You can see the condition of the house. The cats that usually live freely were confined to one large room that still had all of the walls intact. We cleaned their room before we cleaned anything in the main living and office areas. The camper van and housed me while we worked to make the animal areas safe and healthy first. Wonderful creatures that they are, they seemed to understand that we were doing all we could. Even those that don’t really like each other well in close quarters, kept the peace. They do better than most people! We truly respect these intelligent little creatures.
We have flooring, the walls are repaired and painted, we are able to use the house again. Cats and people are doing much better. 🙂 The bottom-line now is that we can use all the help we can get to catch up. We have the usual bills for veterinary care, emergency visits, medications, food, and litter. Penny and Michael live on site and never mind filling in when donations run a bit short. After this event, there is a lot to handle and lots of work remains to be done. The city is doing repairs to the drainage system, the fence is still down, and winter will be here within weeks. Two days before I typed this, we spent the afternoon in the emergency room with Vinnie. The needs of the animals do not stop.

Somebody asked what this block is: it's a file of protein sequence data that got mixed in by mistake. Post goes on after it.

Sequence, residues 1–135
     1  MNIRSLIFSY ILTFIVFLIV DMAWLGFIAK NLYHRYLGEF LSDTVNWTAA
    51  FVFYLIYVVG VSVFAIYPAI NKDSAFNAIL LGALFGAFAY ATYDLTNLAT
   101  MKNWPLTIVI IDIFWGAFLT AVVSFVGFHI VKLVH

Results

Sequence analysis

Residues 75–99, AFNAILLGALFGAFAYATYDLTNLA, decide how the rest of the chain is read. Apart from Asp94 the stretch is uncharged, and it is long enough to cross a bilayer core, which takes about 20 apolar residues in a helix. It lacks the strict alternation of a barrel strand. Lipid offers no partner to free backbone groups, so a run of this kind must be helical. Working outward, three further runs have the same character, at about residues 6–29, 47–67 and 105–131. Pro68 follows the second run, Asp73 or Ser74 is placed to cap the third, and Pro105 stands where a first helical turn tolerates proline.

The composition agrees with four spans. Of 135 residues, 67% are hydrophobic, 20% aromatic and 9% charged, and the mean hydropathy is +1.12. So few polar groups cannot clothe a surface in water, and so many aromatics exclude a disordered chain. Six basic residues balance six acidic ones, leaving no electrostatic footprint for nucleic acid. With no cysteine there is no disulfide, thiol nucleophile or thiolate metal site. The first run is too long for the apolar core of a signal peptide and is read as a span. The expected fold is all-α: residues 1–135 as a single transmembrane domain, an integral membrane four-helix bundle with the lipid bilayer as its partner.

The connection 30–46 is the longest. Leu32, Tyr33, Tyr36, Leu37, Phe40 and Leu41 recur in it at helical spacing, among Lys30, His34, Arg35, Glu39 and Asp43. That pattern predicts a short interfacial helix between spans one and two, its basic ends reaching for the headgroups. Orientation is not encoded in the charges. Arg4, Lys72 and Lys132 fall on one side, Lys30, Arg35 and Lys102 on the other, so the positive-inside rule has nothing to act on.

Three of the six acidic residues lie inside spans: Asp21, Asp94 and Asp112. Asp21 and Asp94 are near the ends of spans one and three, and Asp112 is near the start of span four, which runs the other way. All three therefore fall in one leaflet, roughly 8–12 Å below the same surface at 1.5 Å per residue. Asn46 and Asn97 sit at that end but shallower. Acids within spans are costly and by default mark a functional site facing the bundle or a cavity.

What did stop are all of the plans for a larger catio attached to the condo room and a temperature-controlled room to offset the extreme temperatures for the old feral kitties. The losses incurred will not be recovered for many years.
Only $10,000 out of over $65,000 was covered by FEMA as disaster relief. They cover the bare minimum to close up the walls, fix the electrical, and dry it out. That’s called safe and habitable. After that, everyone is on their own.
If you can help, we would be grateful. Catnip Casa Cat Refuge is a 501(c)(3). Your donation is tax deductible, and every dollar counts toward keeping a special needs cat safe and warm. Short on money? Visit our How to Help page too. There are ways you can help that don’t cost you a dime. Really!